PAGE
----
Meltdowns are tough. Tantrums are treacherous.
They are downright life-sucking. They sneak on you without notice and they stay like the plague.
Once they arrive, there is no switch to turn them off. It’s like the aliens have descended and abducted your child’s brain. One moment your toddler, pre teen or teen is the sweetest thing, all cuddly in your arms and whoa, what happened – what did you miss? – you blinked and the torrents descended. Your child transforms from human to monster, from sweetness to absolute wickedness. Arms flailing, tears pouring, voice shrieking – should I say more???
Every parent just wants to know one thing: “how can I get my kid to stop?”
In our confusion, we say the wrong things to our children. Without realizing we worsen the situation, instead of mitigating it. In all my years as a parent and clinical psychologist, these are the three common phrases parents say that not only exacerbates the tantrum but also creates a disconnect between parent and child.
MISTAKE #1: “Use Your Words”
New-age parents especially, think that they are being highly evolved when they tell their kids to use their words. This is the absolute wrong thing to tell a kid who is in the middle of a brain freeze and emotional flood. The last thing they can do at these moments is use their literacy skills. This is especially true for kids under the age of 6. When we tell them to use their words, we frustrate them to no end because this is not the mental state they are naturally in. They feel controlled by us even more and this causes them to kick and scream even louder.
WHAT TO DO INSTEAD: As your kid is overwhelmed by their big feelings, it is crucial that we enter their presence with a state of detached, yet calm, energy. We need to show them that we are there for them, without controlling them or domineering over them. Like a tall mountain, we need to show them that we can withstand their torrential thunders and their gusty winds. The most important thing we can do is move toward them with stillness, calmness and full-on presence, and try to hold them close to us if they let us. When they see us relate to them with great empathy in our eyes, they will naturally absorb our strong, yet silent, caring and slowly begin to find their way out of the dungeon themselves. The moment they sense us controlling them, however, the quicker they will resist and pump their tantrum with more gusto.
MISTAKE #2: “What’s wrong? What happened? Why are you acting this way?”
Again, in an attempt to connect to our kids, we try to use questions to get to our kids’ heart. We want to show them that we care and are concerned about their well-being. In our desire to come across as loving, we ask them a thousand questions, probing, inquisitive and curious. We think this is going to help our kids open up. What this does instead is cause them to clam up even more. When our kids’ are showing their upset through their screams, tears and body-language, it’s as if they are shouting at us, “Can’t you see that I am mad/sad/hurt/betrayed/guilty/scared??? WHY ARE YOU ASKING ME TO SAY WHY AND HOW??? Can’t you just be here with me and allow me to express my pain?”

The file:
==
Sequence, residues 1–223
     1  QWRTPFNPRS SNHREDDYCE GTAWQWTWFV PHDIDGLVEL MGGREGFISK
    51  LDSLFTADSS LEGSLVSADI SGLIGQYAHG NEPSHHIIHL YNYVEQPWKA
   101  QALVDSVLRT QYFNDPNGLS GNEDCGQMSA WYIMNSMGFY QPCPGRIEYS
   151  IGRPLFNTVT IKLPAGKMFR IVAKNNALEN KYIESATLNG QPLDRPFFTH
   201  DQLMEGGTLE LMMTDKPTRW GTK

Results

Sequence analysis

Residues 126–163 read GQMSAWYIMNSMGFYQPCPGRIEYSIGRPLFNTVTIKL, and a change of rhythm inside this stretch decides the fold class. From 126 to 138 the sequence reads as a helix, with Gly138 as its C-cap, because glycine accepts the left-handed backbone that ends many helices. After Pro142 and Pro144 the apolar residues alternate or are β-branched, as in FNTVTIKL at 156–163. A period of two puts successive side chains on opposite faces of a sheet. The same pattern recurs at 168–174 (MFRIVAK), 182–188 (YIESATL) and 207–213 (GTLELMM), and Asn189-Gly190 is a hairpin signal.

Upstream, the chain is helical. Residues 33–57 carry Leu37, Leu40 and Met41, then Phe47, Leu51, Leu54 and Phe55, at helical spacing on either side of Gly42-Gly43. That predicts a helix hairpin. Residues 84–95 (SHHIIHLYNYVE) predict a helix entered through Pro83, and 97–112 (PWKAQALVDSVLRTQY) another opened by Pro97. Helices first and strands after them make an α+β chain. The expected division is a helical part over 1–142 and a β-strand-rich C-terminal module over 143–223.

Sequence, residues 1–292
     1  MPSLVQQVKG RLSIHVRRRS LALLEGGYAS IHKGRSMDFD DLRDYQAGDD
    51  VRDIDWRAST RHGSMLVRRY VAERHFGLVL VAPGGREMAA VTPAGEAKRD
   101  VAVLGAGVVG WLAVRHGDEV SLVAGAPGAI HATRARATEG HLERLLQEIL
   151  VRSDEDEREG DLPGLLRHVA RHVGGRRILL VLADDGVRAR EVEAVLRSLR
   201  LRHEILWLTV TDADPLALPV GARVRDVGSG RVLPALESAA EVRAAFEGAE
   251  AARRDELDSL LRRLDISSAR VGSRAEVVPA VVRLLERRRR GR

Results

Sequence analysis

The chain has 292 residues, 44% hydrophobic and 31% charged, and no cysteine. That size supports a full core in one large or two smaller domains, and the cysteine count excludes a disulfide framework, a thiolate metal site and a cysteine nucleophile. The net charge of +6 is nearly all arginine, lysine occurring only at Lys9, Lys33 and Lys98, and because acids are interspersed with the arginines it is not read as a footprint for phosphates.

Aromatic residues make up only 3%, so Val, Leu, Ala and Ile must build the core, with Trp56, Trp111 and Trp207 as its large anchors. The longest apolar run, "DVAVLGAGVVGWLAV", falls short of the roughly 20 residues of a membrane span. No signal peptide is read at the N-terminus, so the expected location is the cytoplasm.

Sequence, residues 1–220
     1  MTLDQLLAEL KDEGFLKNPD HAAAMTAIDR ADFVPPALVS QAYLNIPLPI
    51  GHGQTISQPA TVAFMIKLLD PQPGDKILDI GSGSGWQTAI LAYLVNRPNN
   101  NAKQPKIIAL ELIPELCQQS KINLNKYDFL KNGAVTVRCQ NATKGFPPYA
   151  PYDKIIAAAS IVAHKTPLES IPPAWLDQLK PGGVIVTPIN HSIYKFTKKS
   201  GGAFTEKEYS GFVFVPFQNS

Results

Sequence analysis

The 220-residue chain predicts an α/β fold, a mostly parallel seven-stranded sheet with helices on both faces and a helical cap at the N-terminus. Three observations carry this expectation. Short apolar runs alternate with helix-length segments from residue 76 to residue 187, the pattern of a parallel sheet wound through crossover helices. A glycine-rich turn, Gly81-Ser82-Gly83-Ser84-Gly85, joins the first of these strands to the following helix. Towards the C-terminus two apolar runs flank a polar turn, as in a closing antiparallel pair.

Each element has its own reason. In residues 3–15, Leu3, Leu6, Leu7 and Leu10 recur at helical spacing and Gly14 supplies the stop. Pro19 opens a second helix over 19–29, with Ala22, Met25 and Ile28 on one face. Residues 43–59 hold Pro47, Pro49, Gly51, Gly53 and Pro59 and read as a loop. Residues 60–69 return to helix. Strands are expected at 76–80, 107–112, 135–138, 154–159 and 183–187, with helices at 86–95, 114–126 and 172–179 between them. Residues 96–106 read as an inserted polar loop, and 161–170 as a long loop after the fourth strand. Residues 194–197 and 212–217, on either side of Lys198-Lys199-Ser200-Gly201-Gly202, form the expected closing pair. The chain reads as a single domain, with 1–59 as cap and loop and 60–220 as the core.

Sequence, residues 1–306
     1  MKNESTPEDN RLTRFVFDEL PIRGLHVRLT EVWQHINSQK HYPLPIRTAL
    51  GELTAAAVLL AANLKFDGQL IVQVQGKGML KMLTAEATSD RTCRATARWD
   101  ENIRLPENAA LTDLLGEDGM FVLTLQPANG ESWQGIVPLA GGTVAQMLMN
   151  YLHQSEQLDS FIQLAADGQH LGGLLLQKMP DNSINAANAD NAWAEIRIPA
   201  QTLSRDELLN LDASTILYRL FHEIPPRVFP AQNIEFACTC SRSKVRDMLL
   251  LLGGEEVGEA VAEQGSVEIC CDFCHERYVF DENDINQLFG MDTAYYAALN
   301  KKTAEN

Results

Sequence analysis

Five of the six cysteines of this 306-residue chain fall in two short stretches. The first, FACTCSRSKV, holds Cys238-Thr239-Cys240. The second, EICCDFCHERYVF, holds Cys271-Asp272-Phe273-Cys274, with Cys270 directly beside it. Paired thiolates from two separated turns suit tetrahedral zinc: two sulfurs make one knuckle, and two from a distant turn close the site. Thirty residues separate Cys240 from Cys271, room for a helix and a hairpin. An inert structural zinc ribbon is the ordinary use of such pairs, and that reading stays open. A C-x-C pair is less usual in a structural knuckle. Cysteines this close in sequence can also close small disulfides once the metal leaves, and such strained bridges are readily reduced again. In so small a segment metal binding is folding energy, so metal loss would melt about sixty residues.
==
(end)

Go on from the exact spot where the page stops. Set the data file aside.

WHAT TO DO INSTEAD: Remember this, every human just wants to be seen and heard. We want to be accepted for who we are and for whatever state we are in. We don’t want to have to rationalize and justify our feelings to anyone. We just want to feel. Pure and simple. This is especially true with kids. The biggest gift parents can give their children is to allow them a space to express their feelings without putting words, thought, explanations or justifications onto it. In this way, children learn to be non-threatened by big feelings and simply roll with them as they arise in their beings. Feelings in and feelings out. Allowing kids to be vessels of their own feelings and not force them to deny, shut-down or explain them away is one of the most valuable gifts we can give them.
MISTAKE #3: “Stop it right now. You are going to get a consequence if you don’t.”
If you have read my first and second books, The Conscious Parent and Out of Control, you probably already know my thoughts around punishments, threats and time-outs for kids. When we tell our kids to stop their meltdowns, it’s akin to us putting a burger in our mouth and being told not to chew on it. It’s virtually impossible. When our kids feel ashamed of their big feelings, they absorb the self-image that they are “weak,” and “immature.” They equate this to being lesser-than and inadequate. These are not positive messages for them to internalize at all!
WHAT TO DO INSTEAD: When we emit the energy that we are unafraid of our children’s big feelings, we communicate to them that they too have nothing to be afraid of. When they see us unfazed by their feelings, they learn to be the same as well. It is not our job to control when and how our children have big feelings. Our job is only to support and guide them through the big waves and help them come to the other side feeling whole and validated. Once we teach them how to swim through the waters of their feelings, we empower them to do the same when they are alone. Instead of punishing them, we need to empathize with them and relate to them through our body-language and soft, soothing tone of voice. We need to draw them close to us and stroke their hair. We need to calm them through body-rubs and gentle love. This is what will allow them to eventually let their feelings wash through and subside.